There were certainly a few scoffs when Martin Tyler suggested that the 3-2 win over Spain in Betis was a greater achievement for England than reaching the semi-finals of the World Cup for only the third time in their history. But if we expand the Sky Sports commentator’s argument to England’s Nations League campaign in its entirety, and perhaps he has a point.
While the World Cup provided the foundations of positivity to build the subsequent progress under Gareth Southgate upon, a competition few had heard of let alone understood before a ball was kicked at Russia 2018 has had a transformative impact on this Three Lions side, the legacy of which could prove far further reaching than England’s exploits during the summer.
Let’s clear something up; the idea that England were fortunate to reach the semi-finals is pure fallacy. It’s a fantastic achievement from a nation of serial underachievers because even if you believe England should have beaten every team they met up until Croatia, as the bookies and FIFA rankings dictated, the Three Lions spectacularly imploded under the pressure of being heavy favourites just two years ago at Euro 2016, crumbling against Iceland in the first knockout round.
So lowly had England fallen that merely beating the teams they’re supposed to beat, while employing a moderately exciting and technically-demanding brand of football, was a massive step forward for the Three Lions both tactically and psychologically.
Perhaps the greatest indicator of that was the 6-1 victory over Panama – probably the least qualified team at the tournament, yet one England ripped apart in style to record their biggest ever World Cup win. Compare that to 2014 and 2010, when the Three Lions failed to score against Costa Rica and Algeria respectively.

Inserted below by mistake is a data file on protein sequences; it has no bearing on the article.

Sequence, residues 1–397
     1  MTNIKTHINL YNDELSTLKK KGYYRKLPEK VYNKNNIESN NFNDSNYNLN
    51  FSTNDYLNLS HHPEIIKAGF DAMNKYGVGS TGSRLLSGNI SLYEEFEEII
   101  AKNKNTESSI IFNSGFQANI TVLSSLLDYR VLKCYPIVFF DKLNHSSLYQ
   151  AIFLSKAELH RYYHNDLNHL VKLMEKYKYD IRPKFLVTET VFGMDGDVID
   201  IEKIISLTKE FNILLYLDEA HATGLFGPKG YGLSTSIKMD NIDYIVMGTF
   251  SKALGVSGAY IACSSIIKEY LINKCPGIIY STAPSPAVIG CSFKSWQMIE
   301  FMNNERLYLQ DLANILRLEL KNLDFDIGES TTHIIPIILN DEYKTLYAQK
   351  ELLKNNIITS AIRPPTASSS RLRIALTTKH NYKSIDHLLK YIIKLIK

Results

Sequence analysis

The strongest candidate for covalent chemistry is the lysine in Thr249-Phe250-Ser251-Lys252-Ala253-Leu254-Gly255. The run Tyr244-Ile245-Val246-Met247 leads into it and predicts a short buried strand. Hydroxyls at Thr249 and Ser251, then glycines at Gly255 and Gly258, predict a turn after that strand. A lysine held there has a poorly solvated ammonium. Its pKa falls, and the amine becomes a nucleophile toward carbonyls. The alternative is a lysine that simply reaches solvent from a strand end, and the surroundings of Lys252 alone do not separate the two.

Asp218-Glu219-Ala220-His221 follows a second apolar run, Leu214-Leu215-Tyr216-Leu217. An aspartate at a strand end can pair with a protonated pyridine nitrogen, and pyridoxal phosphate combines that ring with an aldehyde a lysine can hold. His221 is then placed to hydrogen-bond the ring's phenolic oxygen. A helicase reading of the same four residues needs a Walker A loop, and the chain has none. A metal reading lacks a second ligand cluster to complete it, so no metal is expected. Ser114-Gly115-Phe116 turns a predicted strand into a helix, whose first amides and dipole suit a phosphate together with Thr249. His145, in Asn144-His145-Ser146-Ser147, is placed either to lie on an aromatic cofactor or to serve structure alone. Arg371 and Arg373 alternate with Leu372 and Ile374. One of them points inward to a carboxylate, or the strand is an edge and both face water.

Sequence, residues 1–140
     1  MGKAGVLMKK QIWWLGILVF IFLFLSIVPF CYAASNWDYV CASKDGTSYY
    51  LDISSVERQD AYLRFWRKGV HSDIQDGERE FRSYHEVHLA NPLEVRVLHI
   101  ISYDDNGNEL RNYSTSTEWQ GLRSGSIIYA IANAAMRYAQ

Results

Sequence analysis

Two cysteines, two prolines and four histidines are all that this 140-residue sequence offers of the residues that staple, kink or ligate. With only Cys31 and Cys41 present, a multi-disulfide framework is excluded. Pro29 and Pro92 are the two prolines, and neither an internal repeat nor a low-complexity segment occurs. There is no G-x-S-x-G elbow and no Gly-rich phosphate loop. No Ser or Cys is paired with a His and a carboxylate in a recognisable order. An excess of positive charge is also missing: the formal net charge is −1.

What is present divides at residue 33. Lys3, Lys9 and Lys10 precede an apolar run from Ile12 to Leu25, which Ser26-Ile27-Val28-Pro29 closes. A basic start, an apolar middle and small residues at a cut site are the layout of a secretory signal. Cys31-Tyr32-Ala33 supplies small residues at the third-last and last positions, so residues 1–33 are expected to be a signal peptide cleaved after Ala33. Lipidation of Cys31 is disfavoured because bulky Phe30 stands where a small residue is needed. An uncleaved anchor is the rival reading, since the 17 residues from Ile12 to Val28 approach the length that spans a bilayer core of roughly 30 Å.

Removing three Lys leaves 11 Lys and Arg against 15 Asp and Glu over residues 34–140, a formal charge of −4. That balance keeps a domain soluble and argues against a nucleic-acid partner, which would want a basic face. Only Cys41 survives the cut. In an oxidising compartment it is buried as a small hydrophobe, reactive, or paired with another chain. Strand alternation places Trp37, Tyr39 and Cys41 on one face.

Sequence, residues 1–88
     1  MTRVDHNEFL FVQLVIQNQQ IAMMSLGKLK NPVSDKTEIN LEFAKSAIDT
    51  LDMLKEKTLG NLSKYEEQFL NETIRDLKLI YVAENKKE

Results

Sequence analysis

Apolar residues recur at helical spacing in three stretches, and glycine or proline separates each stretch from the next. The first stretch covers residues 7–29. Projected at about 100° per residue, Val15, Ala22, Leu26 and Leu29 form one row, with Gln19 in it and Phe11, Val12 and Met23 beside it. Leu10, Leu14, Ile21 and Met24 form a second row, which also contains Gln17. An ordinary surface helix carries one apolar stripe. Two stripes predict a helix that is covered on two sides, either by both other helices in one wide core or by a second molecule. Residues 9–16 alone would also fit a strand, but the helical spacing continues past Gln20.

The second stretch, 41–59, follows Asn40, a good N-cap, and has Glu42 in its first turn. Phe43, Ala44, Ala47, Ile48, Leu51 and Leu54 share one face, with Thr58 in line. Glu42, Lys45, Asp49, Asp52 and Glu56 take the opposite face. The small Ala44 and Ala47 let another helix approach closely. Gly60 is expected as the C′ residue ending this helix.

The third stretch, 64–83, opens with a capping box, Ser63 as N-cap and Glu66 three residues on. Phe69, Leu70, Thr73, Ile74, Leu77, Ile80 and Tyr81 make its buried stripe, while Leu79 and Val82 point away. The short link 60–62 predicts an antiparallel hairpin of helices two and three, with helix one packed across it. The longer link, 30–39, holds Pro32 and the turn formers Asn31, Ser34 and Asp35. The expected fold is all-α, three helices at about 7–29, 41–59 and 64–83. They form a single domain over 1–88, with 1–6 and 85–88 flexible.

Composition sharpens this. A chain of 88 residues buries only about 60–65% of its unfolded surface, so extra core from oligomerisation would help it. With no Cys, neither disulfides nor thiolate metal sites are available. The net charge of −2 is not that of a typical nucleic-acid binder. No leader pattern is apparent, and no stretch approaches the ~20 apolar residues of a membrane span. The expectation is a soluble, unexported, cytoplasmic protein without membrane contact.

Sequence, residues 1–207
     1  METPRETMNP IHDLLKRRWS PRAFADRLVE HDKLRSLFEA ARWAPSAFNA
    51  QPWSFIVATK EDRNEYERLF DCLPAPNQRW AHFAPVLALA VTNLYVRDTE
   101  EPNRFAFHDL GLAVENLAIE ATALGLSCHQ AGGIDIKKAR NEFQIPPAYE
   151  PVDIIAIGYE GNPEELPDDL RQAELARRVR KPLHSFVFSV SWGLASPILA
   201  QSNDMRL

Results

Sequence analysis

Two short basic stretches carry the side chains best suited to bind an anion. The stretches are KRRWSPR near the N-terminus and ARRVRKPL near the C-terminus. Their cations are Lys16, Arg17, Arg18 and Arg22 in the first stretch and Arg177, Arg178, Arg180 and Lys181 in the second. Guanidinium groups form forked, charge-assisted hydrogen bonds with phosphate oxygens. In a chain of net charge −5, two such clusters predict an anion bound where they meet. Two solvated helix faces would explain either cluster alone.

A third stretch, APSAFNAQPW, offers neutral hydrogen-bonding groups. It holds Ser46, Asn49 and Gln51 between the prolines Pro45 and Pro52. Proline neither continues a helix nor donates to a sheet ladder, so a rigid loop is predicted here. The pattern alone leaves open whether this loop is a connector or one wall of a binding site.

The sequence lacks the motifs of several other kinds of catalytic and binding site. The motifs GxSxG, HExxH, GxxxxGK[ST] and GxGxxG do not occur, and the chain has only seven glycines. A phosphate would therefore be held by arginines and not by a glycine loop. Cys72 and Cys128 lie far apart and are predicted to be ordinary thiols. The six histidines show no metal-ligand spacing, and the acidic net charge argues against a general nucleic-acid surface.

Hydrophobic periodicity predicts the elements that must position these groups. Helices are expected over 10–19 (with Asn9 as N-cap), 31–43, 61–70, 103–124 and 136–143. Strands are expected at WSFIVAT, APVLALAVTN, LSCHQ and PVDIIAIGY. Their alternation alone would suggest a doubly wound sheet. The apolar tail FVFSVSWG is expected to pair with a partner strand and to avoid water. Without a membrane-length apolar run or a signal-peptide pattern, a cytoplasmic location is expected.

The other watershed moment was of course the penalty shootout against Colombia, lifting a curse at international tournaments that had persisted since England’s only other penalty shootout victory back at Euro 96. But just like the demolition of Panama, the penalty shootout didn’t really tell us anything new about this England team or particularly take it to greater horizons.
It expelled demons but we’ve always known England have the talent to thrash smaller nations like Panama and we’ve always known they’re capable of winning a penalty shootout – only a mental block, always shackling England to the failings of prior generations, really stood in the way.
Southgate deserves immense credit for that – it required a seismic psychological shift amongst the England camp in an incredibly short space of time, while still relying on many of the same young players that Roy Hodgson took to his final major tournament.
But it’s throughout the Nations League where England have really grown, and proved that they’re not only capable of handling the pressure to meet expectations but also exceed them to move into the top calibre of international sides. For starters, when was the last time England beat two members of FIFA’s top ten in back-to-back competitive games? Has it actually ever happened before?
Along the way, there were more transformative moments in the Nations League campaign than during the World Cup, the first and most significant of those coming in the first encounter with semi-final nemeses Croatia. It was a drab game further hindered by the ghostly atmosphere of the behind-closed-doors ruling, but one that nonetheless highlighted a tactical awareness Southgate and England seemed to lack during the summer.